Spender. Although now I feel like I’m saving with my company. I like fashion, good quality, but I never search for brands. I feel the need to be elegant, but not to be elegant wearing fancy or expensive stuff. I always shop during sales and promotions. With the business I think of every penny I pay, when and why; I’m very strict with the budget. At the same time I don’t compromise on quality. The way I handle cash in my company is the exact opposite of how I do it on a personal level.
Are you generous with money?
When I go home I have to have a gift for everyone. I spend 50 per cent of my shopping time on my father, maybe a nice suit, but it’s not something I over-calculate. I also love food. There’s no way I can go to a country and not try the top 10 restaurants on TripAdvisor, no matter how much it’ll cost.
What other luxuries do you spend on?
Whatever I put aside before, I invest in my company. Now I’ve decided to invest more in my travels and time with friends and family. I couldn’t do this before because I didn’t have time. I deprived myself of a lot of fun. Now I can afford to have it, I want to allocate a budget to travel every month to a new country or to go home more often. It is in my personal account. I book the ticket the minute I have the money. I’ve booked New York, Japan, and Portugal.
Do you save for the future?
Yes, but I don’t believe in leaving cash in banks. I read Bloomberg every day and have lots of ideas for investment. I will go more into real estate, an apartment in Croatia or Greece - places I would like to be at some point - and to have enough to buy a motel in Croatia. Plus stocks, if I have the chance and financial freedom. It’s better not to put all your eggs in one basket.
What is your best investment?
The business. Financially it made sense, because it’s profitable. It turned out to be a successful business and makes me happy every day; it changed my life. What more could you wish for?
Is a luxury brand likes yours not vulnerable to economic fluctuations?
There’s a risk element especially as we expanded mostly in 2018/19, when the economy was getting tough. Our price compared to other ice-cream products is higher, but it’s affordable at the same time. Many customers are locals - even they are changing their spending behaviour - but it’s not that they’re not getting it anymore. Even labourers sometimes come to the shop; they cannot get six pieces but can get three.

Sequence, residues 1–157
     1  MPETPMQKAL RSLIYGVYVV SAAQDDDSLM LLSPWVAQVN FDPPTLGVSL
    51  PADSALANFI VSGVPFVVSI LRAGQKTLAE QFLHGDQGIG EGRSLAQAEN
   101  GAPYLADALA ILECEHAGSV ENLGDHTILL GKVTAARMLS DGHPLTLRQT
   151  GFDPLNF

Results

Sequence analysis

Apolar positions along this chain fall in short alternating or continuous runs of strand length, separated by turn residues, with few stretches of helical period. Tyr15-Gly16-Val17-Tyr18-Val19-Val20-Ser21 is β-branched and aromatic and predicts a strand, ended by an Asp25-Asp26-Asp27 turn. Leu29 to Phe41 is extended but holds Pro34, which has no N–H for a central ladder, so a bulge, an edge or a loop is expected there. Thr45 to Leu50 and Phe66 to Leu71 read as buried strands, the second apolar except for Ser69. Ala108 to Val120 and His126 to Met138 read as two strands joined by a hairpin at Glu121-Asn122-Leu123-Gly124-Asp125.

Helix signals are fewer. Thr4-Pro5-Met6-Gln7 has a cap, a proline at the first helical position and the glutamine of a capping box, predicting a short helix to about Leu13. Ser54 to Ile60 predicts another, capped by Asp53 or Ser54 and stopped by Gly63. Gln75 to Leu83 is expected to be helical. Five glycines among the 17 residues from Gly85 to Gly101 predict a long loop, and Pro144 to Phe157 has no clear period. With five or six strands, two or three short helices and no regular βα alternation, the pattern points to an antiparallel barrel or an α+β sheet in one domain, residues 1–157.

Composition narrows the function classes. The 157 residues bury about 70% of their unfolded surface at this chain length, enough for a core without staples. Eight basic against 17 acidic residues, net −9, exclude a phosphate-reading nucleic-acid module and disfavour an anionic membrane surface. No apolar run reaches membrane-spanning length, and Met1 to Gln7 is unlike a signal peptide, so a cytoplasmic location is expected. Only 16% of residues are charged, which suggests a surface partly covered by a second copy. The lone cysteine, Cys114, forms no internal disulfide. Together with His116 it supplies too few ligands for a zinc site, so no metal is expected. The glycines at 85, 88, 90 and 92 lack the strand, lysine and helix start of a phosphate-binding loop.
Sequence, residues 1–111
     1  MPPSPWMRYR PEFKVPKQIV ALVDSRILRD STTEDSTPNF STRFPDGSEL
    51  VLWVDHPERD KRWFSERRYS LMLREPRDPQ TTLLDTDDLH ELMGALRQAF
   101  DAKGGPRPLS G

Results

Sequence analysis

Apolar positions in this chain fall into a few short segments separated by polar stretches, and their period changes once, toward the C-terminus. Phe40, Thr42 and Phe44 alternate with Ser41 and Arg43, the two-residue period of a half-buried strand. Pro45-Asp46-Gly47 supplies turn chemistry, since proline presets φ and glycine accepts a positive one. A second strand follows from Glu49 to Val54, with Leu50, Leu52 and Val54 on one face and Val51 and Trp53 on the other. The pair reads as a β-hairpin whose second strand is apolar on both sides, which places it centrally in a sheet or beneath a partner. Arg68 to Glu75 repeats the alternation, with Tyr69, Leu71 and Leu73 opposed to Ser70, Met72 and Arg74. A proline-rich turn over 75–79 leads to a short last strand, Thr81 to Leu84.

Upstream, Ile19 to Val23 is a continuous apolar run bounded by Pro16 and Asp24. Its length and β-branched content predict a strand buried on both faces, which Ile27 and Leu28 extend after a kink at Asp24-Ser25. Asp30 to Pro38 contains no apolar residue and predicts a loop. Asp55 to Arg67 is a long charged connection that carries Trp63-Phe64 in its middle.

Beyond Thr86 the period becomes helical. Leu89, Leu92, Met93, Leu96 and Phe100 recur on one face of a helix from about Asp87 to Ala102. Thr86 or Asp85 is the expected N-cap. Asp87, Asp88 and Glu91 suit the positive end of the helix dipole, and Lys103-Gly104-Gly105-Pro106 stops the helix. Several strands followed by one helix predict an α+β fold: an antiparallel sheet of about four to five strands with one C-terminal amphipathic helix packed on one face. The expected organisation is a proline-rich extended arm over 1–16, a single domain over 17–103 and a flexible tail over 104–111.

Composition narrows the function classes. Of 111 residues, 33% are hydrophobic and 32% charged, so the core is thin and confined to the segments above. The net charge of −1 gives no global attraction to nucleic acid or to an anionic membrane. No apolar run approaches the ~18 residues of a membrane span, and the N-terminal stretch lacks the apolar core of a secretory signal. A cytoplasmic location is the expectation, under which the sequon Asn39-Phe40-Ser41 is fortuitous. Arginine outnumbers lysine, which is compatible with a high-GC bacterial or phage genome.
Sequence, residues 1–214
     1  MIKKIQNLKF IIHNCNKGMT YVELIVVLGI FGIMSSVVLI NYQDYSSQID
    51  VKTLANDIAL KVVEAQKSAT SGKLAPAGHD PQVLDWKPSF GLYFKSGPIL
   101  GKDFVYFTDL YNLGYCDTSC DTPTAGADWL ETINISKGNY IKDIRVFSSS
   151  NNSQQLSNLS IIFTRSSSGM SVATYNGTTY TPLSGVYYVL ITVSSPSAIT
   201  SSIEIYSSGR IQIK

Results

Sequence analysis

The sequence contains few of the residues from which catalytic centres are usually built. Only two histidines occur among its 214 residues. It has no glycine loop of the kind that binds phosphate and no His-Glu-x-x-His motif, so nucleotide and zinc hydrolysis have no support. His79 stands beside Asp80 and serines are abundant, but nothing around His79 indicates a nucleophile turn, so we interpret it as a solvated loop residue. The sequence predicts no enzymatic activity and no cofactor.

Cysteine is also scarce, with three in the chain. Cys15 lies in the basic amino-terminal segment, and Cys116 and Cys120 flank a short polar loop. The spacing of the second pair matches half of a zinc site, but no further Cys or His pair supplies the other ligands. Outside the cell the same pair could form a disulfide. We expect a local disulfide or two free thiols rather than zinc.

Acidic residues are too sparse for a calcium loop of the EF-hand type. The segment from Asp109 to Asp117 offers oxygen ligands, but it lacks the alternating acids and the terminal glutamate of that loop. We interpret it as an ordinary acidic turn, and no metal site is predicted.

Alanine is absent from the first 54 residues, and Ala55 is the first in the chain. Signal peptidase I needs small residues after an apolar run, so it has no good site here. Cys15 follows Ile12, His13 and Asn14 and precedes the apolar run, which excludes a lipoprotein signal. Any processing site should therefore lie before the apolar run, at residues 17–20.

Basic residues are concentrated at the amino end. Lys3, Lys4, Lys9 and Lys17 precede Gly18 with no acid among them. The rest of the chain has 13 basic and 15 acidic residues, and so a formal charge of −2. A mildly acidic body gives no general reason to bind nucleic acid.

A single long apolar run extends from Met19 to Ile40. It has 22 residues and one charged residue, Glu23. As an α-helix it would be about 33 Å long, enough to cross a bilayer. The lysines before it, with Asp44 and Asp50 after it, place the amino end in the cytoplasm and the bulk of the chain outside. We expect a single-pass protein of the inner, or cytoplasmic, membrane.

I want to take M’OISHÎ worldwide, more franchising in the GCC, wholesale to supermarkets, and to develop a Japanese cafe concept.
Do you have a philosophy with money?
Not to overthink it. You end up losing a lot of energy thinking about money you’re spending or saving and not doing the real job that generates money. Energy is consumed because you’re worried you didn’t save this month as you’re supposed to; then you don’t have energy to come up with new products or create new business. As an entrepreneur, you cannot think of the money every day and be creative, ambitious and inspired.
Do you prefer paying by cash or credit card?
Debit card. There’s no interest and I’m not spending what I don’t have.
Would you give financial advice to your younger self?
Yes, not to be so arrogant and proud when it comes to money - don’t let these drive you. My father wanted to pay for my MBA but I insisted I wanted to - I just covered the loan, last year. It dragged on for so long. I couldn’t travel with my friends (because of repayments). Instead, I could have made it easier on myself and let him pay.
Updated: June 30, 2019 07:39 AM